Myth #2: It’s Better to Express Anger than to Hold It in

Another deeply engrained notion in pop psychology is the belief that we must ‘release’ our anger and feelings of trouble before we can get over them. Several popular psychotherapies are centred around the cathartic interventions and on the assumption that venting anger is healthy.”Punch a pillow or punching bag. And while you do it, yell and curse and moan and holler,” is advises by Bantam Doubleday Dell, (1995). “Punch with all the frenzy you can. If you are angry at a particular person, imagine his or her face on the pillow or punching bag, and vent your rage physically and verbally.” Although, this type of behaviour may help one feel better in the short term, there is ample psychological research that suggests that expressing anger openly may not have long term effects. For example, in an early classic study, Patternson (1974), found that playing aggressive sports like football results in increases in aggression, also playing violent videogames, in which participants rate bloody assassinations on a 5-point scale, is associated with heightened aggression. (Anderson, Gentile & Buckley, 2007)

Myth #3: Low Self-Esteem Is a Major Cause of Psychological Problems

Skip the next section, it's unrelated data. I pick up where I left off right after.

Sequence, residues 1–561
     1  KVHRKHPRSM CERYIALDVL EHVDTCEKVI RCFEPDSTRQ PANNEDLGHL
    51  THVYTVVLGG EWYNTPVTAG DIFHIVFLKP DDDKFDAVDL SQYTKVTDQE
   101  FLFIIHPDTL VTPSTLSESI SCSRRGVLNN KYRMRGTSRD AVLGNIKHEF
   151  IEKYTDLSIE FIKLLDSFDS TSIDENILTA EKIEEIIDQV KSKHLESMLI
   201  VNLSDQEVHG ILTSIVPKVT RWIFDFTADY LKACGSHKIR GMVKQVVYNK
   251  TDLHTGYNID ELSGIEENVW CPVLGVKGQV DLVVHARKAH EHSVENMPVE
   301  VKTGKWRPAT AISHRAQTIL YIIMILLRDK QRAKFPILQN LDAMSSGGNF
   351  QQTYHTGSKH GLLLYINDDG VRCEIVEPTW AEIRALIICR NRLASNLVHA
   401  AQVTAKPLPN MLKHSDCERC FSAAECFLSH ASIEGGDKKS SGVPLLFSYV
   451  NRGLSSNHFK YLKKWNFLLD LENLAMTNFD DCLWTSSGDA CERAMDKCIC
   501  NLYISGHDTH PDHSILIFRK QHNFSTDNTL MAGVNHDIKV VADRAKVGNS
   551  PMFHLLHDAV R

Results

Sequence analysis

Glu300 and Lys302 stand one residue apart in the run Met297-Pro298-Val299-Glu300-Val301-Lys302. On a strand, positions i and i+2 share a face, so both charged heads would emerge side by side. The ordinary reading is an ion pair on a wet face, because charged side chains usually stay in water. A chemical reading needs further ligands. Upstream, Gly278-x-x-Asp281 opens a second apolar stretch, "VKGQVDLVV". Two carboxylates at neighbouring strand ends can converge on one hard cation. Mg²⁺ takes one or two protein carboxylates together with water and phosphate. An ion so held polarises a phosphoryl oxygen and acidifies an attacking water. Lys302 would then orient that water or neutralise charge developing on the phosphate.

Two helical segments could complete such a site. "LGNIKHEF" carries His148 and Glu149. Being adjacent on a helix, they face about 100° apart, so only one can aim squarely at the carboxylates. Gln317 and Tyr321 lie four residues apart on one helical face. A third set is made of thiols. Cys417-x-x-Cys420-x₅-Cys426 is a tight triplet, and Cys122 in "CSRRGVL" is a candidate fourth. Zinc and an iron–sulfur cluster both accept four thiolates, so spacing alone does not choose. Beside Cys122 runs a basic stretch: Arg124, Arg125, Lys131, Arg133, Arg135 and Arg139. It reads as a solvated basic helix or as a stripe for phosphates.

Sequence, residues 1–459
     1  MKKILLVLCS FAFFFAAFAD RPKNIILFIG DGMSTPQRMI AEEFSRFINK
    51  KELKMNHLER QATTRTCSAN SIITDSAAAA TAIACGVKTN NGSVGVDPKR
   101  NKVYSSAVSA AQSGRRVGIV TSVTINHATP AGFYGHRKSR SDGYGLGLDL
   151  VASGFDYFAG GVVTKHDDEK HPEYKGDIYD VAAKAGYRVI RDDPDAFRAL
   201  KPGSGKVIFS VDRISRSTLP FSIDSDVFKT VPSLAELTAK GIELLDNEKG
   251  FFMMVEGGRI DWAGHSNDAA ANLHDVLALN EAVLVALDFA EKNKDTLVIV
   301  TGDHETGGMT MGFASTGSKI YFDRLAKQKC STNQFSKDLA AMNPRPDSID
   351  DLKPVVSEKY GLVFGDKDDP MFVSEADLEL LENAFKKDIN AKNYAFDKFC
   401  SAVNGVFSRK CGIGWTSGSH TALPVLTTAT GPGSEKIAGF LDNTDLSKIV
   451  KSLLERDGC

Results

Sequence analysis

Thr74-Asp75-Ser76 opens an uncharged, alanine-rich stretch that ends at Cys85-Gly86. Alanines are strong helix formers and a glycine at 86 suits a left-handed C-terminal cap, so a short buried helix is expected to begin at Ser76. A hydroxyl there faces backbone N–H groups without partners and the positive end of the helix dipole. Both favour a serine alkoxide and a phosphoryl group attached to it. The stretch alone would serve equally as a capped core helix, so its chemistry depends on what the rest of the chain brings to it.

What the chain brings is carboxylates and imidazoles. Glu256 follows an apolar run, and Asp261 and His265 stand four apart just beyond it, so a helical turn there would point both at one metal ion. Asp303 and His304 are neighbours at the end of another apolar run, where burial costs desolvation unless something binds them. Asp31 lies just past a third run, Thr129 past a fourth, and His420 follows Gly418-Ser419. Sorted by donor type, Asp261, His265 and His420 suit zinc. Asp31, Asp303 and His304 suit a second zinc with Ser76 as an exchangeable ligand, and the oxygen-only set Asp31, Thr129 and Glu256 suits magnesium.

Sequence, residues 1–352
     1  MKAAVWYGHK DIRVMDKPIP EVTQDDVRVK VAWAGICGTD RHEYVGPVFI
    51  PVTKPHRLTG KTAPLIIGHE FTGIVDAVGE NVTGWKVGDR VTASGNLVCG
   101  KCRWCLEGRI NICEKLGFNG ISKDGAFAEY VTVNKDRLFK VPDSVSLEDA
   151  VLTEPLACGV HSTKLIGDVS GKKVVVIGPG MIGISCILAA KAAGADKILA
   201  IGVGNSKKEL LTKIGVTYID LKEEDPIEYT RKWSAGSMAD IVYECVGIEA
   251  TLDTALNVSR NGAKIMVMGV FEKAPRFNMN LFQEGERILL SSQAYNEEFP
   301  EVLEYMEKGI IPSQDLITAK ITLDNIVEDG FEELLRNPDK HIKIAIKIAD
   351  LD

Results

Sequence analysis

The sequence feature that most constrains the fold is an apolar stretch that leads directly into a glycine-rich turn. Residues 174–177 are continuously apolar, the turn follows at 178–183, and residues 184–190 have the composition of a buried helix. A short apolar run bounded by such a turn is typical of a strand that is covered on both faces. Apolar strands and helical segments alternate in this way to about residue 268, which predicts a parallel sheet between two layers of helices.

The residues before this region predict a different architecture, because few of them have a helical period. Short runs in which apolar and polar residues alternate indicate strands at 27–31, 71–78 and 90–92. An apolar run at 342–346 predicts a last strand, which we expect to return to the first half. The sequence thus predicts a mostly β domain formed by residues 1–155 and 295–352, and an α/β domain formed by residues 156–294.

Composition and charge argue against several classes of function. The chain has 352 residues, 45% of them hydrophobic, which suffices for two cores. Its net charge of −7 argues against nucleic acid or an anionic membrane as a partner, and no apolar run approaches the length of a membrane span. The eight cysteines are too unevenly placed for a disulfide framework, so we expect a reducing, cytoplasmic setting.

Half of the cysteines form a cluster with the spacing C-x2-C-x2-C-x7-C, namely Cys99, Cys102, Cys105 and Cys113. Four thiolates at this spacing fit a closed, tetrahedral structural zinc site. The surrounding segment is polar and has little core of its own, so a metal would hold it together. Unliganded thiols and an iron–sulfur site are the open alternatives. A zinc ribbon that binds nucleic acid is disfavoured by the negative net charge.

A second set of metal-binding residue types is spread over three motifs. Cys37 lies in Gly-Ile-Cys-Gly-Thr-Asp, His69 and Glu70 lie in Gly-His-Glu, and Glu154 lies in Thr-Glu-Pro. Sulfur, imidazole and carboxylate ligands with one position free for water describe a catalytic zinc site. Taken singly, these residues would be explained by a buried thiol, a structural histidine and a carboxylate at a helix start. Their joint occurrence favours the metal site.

The importance and role of self-esteem has long been a vital component in pop psychology, and is seen as a prime causality of unhealthy behaviours, including violence, depression, anxiety, and alcoholism. For example, Nathaniel Branden stated in his book The Six Pillars of Self-Esteem, that he “cannot think of a single psychological problem–from anxiety and depression, to fear of intimacy or of success, to spouse battery or child molestation–that is not traceable to the problem of low self-esteem.” (Branden, 1994, p.12). Research, however, has shown that low self esteem is not strongly associated with poor mental health. For example, in a comprehensive review, Baumeister, Campbell, Krueger, and Vohs (2003) found that although self-esteem is positively associated with school performance, better school performance appears to contribute to high self-esteem rather than the other way around. Perhaps most surprising of all, they found that “low self-esteem is neither necessary nor sufficient for depression.”